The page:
Iocasta Nay, what should mortal fear, for whom the decrees of Fortune are supreme, and who hath clear foresight of nothing? ‘Tis best to live at random, as one may.980 But fear not thou touching wedlock with thy mother. Many men ere now have so fared in dreams also: but he to whom these things are as nought bears his life most easily.
Oedipus All these bold words of thine would have been well, were not my mother living; but as it is, since she lives, I must needs fear—though thou sayest well.
Iocasta Howbeit thy father’s death is a great sign to cheer us.
Oedipus Great, I know; but my fear is of her who lives.
Messenger And who is the woman about whom ye fear?
Oedipus Meropè, old man, the consort of Polybus.
Messenger And what is it in her that moves your fear?
Oedipus A heaven-sent oracle of dread import, stranger.
Messenger Lawful, or unlawful, for another to know?
Oedipus Lawful, surely. Loxias once said that I was doomed to espouse mine own mother, and to shed with mine own hands my father’s blood. Wherefore my home in Corinth was long kept by me afar; with happy event, indeed,—yet still ’tis sweet to see the face of parents.
Messenger Was it indeed for fear of this that thou wast an exile from that city?
Oedipus And because I wished not, old man, to be the slayer of my sire.
Messenger Then why have I not freed thee, king, from this fear, seeing that I came with friendly purpose?
Oedipus Indeed thou shouldst have guerdon due from me.
Messenger Indeed ’twas chiefly for this that I came—that, on thy return home, I might reap some good.
Oedipus Nay, I will never go near my parents.
Messenger Ah my son, ’tis plain enough that thou knowest not what thou doest.
Oedipus How, old man? For the gods’ love, tell me.
Messenger If for these reasons thou shrinkest from going home.
Oedipus Aye, I dread lest Phoebus prove himself true for me.
Messenger Thou dreadest to be stained with guilt through thy parents?
Oedipus Even so, old man—this it is that ever affrights me.
Messenger Dost thou know, then, that thy fears are wholly vain?
Oedipus How so, if I was born of those parents?
Messenger Because Polybus was nothing to thee in blood.
Oedipus What sayest thou? Was Polybus not my sire?
Messenger No more than he who speaks to thee, but just so much.
Oedipus And how can my sire be level with him who is as nought to me?
Messenger Nay, he begat thee not, any more than I.
Oedipus Nay, wherefore, then, called he me his son?
Messenger Know that he had received thee as a gift from my hands of yore.
Oedipus And yet he loved me so dearly, who came from another’s hand?
Messenger Yea, his former childlessness won him thereto.
Oedipus And thou—hadst thou bought me or found me by chance, when thou gavest me to him?
Messenger Found thee in Cithaeron’s winding glens.
Oedipus And wherefore wast thou roaming in those regions?
Messenger I was there in charge of mountain flocks.
Oedipus What, thou wast a shepherd—a vagrant hireling?
Messenger But thy preserver, my son, in that hour.
Oedipus And what pain was mine when thou didst take me in thine arms?
Messenger The ankles of thy feet might witness.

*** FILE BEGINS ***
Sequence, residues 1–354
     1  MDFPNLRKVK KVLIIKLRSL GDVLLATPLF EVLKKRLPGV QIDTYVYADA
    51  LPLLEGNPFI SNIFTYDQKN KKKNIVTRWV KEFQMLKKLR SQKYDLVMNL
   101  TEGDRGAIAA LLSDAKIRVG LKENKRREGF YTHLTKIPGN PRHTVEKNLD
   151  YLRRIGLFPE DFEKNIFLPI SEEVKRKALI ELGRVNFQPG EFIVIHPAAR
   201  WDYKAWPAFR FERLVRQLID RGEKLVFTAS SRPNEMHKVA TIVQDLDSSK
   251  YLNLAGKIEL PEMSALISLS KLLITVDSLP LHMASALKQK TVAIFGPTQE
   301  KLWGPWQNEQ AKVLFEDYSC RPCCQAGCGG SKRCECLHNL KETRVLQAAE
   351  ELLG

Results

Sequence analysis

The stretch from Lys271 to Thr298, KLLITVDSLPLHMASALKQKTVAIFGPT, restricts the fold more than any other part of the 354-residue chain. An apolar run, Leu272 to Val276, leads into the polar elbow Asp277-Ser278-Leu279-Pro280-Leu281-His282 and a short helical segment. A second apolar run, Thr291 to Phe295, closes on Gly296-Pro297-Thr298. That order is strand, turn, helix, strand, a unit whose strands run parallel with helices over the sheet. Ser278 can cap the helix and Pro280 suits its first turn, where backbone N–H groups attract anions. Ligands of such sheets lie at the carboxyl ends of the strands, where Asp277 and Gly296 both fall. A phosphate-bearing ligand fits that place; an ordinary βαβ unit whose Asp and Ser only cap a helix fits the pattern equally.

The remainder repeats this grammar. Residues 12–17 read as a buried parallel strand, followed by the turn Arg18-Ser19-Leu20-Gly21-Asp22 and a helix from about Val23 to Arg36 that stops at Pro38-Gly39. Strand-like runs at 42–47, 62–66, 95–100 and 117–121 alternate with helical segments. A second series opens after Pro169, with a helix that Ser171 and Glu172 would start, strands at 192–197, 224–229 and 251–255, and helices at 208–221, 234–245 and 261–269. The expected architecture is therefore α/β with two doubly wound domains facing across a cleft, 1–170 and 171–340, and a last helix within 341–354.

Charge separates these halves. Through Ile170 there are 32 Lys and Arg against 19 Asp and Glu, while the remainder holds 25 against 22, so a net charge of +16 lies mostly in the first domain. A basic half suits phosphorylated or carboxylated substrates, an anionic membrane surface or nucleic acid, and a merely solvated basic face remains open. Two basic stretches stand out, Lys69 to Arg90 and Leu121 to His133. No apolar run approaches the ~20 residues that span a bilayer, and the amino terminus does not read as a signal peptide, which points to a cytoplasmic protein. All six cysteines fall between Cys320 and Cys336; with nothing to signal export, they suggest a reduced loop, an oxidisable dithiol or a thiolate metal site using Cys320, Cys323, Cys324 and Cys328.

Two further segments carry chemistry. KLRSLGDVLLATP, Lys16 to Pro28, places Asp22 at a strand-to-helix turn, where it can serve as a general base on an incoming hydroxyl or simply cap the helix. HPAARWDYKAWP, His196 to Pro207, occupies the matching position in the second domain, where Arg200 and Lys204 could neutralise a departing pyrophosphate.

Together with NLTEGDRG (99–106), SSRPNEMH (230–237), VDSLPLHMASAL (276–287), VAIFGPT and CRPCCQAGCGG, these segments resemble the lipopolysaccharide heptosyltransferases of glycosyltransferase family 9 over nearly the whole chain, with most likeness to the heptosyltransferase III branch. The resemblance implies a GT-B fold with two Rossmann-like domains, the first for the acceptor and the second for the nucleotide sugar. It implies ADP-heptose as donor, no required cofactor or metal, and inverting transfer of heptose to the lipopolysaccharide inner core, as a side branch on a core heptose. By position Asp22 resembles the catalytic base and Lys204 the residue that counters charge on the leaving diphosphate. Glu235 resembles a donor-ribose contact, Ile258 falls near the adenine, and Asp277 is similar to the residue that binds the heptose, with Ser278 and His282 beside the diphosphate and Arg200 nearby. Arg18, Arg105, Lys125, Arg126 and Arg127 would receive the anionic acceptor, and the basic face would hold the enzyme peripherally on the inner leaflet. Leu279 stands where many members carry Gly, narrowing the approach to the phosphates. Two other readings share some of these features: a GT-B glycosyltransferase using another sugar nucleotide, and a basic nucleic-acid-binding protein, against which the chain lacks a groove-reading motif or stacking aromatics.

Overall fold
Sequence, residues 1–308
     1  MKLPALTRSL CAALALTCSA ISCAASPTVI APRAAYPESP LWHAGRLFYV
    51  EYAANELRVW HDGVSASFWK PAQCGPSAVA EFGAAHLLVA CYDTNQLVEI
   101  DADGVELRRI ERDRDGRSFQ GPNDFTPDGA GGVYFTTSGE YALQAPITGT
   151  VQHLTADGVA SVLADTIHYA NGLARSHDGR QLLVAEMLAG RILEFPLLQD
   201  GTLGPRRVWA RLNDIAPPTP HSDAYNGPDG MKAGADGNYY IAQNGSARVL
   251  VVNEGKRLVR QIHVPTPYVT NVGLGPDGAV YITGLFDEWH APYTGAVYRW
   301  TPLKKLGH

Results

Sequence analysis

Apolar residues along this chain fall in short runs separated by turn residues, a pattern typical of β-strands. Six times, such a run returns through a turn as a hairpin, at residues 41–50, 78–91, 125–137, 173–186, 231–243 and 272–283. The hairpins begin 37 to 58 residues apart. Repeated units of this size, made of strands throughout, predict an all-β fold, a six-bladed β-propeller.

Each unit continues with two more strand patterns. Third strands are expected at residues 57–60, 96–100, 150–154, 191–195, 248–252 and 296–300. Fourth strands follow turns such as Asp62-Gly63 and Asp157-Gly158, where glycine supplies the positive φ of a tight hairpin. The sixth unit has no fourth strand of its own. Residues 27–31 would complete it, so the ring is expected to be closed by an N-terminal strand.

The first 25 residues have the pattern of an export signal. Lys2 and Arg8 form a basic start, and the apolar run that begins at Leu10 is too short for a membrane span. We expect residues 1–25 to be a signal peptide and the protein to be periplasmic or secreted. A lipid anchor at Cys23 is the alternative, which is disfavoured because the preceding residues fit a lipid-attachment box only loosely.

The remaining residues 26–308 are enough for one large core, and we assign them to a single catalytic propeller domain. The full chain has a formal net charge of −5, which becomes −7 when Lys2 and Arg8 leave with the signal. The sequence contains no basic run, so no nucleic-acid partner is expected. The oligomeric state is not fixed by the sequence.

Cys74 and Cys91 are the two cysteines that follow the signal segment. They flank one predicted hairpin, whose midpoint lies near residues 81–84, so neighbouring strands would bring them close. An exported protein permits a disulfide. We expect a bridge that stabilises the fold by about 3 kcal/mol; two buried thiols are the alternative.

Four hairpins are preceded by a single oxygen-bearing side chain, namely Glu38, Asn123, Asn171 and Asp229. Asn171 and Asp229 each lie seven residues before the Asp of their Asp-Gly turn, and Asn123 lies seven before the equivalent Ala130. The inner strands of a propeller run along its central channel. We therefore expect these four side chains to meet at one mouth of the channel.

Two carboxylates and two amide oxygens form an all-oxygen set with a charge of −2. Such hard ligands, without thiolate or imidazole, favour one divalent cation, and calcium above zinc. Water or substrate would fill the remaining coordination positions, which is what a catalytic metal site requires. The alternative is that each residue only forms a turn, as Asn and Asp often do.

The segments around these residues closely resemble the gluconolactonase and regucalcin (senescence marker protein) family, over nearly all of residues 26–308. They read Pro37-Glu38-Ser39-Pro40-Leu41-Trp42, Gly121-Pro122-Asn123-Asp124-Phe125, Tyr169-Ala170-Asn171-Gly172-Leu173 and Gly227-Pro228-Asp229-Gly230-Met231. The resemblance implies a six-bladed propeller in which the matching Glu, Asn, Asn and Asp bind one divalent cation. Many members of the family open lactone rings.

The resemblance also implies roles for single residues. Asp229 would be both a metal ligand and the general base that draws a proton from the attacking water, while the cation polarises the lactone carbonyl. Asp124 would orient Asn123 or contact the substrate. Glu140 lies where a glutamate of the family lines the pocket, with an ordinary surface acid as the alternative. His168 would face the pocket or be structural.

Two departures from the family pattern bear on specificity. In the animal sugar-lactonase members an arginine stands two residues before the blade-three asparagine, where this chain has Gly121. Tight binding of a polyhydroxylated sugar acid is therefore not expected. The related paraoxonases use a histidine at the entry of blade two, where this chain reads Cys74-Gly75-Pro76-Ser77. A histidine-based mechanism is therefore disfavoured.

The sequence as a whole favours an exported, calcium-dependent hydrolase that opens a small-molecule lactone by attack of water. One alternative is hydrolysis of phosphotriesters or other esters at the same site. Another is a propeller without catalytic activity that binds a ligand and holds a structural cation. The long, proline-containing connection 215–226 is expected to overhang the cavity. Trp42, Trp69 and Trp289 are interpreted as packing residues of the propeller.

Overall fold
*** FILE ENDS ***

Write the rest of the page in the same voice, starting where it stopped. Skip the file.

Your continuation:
Oedipus Ah me, why dost thou speak of that old trouble?
Messenger I freed thee when thou hadst thine ankles pinned together.
Oedipus Aye, ’twas a dread brand of shame that I took from my cradle.
Messenger Such, that from that fortune thou wast called by the name which still is thine.
Oedipus Oh, for the gods’ love—was the deed my mother’s or father’s? Speak!
Messenger I know not; he who gave thee to me wots better of that than I.
Oedipus What, thou hadst me from another? Thou didst not light on me thyself?
Messenger No: another shepherd gave thee up to me.
Oedipus Who was he? Art thou in case to tell clearly?
Messenger I think he was called one of the household of Laïus.
Oedipus The king who ruled this country long ago?
Messenger The same: ’twas in his service that the man was a herd.
Oedipus Is he still alive, that I might see him?
Messenger Nay, ye folk of the country should know best.
Oedipus Is there any of you here present that knows the herd of whom he speaks—that hath seen him in the pastures or the town? Answer! The hour hath come that these things should be finally revealed.
Ch. Methinks he speaks of no other than the peasant whom thou wast already fain to see; but our lady Iocasta might best tell that.
Oedipus Lady, wottest thou of him whom we lately summoned? Is it of him that this man speaks?
Iocasta Why ask of whom he spoke? Regard it not… waste not a thought on what he said… ’twere idle.
Oedipus It must not be that, with such clues in my grasp, I should fail to bring my birth to light.
Iocasta For the gods’ sake, if thou hast any care for thine own life, forbear this search! My anguish is enough.
Oedipus Be of good courage; though I be found the son of servile mother,—aye, a slave by three descents,—thou wilt not be proved base-born.
Iocasta Yet hear me, I implore thee: do not thus.
Oedipus I must not hear of not discovering the whole truth.
Iocasta Yet I wish thee well—I counsel thee for the best.
Oedipus These best counsels, then, vex my patience.
Iocasta Ill-fated one! Mayst thou never come to know who thou art!
Oedipus Go, some one, fetch me the herdsman hither,—and leave yon woman to glory in her princely stock.
Iocasta Alas, alas, miserable!—that word alone can I say unto thee, and no other word henceforth for ever.Public Domain. Translation by Richard Claverhouse Jebb.